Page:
Offensively, UCLA got some easy baskets in transition, which made running up the score to a 30+ deficit effortless. With Kyle Anderson and Bryce Alford making some nice assists, it became a bit of a dunk fest for a stretch about halfway through the second half. In the halfcourt, Anderson looks like he's starting to get the intricacies of the offense and knowing where his assist opportunities are going to come from. But again, when you completely out-match the defense because you are literally bigger and more athletic man-for-man, it's difficult to take anything away from the open looks you're getting in your halfcourt offense.
Perhaps the best takeaway of the season so far is that Jordan Adams doesn't looked slowed at all after returning from his injury. He led all scorers in this one with 21 points, and his quick hands and cleverness created 8 steals on the defensive end. It was encouraging to see Adams get in an outside shooting groove, going 4 for 5 from three.
We expected Tony Parker to have a career game, since the Sac State posts might be the worst UCLA will face this season. He wasn't in foul trouble, but still had a modest game, with 10 points and 4 rebounds. With it being Sac State and with UCLA having so few players that would have to play big minutes, we thought this game would be a prime candidate for Anderson to get a triple-double, but he finished with 8 points, 8 assists and 6 rebounds.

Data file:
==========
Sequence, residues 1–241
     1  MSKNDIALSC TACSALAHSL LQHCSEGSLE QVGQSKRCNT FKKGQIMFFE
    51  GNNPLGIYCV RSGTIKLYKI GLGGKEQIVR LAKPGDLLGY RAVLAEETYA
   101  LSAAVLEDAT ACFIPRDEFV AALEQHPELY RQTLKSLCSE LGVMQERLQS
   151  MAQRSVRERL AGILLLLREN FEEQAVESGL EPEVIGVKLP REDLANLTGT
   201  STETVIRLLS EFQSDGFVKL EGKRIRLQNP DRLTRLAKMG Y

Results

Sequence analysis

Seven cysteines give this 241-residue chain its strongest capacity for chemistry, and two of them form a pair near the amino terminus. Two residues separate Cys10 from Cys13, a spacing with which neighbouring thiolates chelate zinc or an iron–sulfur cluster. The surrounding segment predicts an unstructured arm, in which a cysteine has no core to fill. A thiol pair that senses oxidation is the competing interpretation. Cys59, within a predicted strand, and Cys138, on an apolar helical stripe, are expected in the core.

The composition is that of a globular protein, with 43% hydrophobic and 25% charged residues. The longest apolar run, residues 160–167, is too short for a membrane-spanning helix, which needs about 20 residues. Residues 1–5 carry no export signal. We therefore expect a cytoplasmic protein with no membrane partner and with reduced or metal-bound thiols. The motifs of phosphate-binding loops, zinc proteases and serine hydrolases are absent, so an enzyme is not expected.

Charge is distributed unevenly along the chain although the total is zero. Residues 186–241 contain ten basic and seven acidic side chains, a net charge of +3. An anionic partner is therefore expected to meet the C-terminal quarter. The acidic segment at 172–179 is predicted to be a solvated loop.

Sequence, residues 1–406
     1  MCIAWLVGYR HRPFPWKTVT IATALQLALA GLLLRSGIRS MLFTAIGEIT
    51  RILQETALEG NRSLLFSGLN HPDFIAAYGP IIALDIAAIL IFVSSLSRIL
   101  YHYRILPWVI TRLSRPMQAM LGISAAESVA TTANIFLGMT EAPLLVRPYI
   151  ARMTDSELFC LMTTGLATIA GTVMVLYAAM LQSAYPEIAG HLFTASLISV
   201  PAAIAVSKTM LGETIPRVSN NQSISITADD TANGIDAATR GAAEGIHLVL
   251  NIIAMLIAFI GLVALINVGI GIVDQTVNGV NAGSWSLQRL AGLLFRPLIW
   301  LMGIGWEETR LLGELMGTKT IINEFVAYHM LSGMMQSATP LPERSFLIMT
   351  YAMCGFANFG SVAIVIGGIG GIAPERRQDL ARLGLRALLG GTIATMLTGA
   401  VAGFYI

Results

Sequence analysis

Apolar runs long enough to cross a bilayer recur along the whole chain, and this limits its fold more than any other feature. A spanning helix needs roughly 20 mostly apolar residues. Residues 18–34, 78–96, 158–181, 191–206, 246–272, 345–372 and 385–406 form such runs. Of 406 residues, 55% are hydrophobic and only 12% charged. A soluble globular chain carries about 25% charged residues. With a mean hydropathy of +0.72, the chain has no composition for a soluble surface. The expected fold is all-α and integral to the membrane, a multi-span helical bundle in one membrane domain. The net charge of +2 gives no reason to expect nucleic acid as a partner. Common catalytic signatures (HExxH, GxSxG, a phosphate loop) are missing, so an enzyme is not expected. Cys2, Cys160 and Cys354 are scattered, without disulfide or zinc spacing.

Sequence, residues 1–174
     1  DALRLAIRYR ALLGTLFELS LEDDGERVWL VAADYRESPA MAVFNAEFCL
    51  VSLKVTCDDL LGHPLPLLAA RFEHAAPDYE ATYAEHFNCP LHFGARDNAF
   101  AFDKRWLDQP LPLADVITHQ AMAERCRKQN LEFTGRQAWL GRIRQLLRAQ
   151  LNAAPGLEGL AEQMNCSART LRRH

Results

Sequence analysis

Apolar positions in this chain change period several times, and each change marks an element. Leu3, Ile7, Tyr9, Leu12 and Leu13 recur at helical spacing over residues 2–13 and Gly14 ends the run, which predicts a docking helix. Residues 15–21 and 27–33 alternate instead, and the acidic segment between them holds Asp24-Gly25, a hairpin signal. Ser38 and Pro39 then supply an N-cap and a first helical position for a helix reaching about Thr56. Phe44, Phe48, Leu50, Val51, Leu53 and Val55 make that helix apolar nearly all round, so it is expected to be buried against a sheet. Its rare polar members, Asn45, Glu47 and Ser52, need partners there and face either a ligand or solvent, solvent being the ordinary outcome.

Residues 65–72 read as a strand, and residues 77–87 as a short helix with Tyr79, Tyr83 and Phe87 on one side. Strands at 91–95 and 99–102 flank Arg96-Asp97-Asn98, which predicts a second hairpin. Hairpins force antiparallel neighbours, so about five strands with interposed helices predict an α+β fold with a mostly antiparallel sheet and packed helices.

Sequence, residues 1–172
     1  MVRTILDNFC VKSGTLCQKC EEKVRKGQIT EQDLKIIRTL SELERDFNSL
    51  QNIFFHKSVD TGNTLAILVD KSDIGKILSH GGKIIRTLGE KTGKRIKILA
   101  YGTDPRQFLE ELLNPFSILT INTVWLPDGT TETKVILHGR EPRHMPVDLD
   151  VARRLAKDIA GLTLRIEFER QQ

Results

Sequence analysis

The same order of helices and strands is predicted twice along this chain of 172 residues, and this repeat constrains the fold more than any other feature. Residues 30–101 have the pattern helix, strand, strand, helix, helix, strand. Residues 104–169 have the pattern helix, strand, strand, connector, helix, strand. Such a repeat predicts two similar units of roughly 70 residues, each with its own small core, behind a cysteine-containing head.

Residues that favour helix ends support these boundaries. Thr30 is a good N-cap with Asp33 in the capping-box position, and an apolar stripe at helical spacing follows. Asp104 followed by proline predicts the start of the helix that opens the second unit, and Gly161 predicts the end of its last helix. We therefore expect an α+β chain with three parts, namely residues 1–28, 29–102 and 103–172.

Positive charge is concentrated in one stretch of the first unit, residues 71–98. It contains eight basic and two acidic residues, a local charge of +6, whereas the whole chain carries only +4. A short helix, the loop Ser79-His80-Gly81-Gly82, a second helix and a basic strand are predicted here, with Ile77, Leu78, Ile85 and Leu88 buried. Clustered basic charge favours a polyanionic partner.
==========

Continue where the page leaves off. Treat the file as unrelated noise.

David Wear, against this kind of competition, got 12 points and 10 rebounds. Norman Powell didn't have to take too many outside shots to get to 14 points. He also is the primary defender who is actually expending some energy on the defensive side of the floor. Alford, against this type of competition, had a good offensive game, with 5 assists, and hitting a three-pointer. LaVine also hit a three, and benefitted offensively from transition. He's looking to pass the ball in the halfcourt, which is encouraging, too.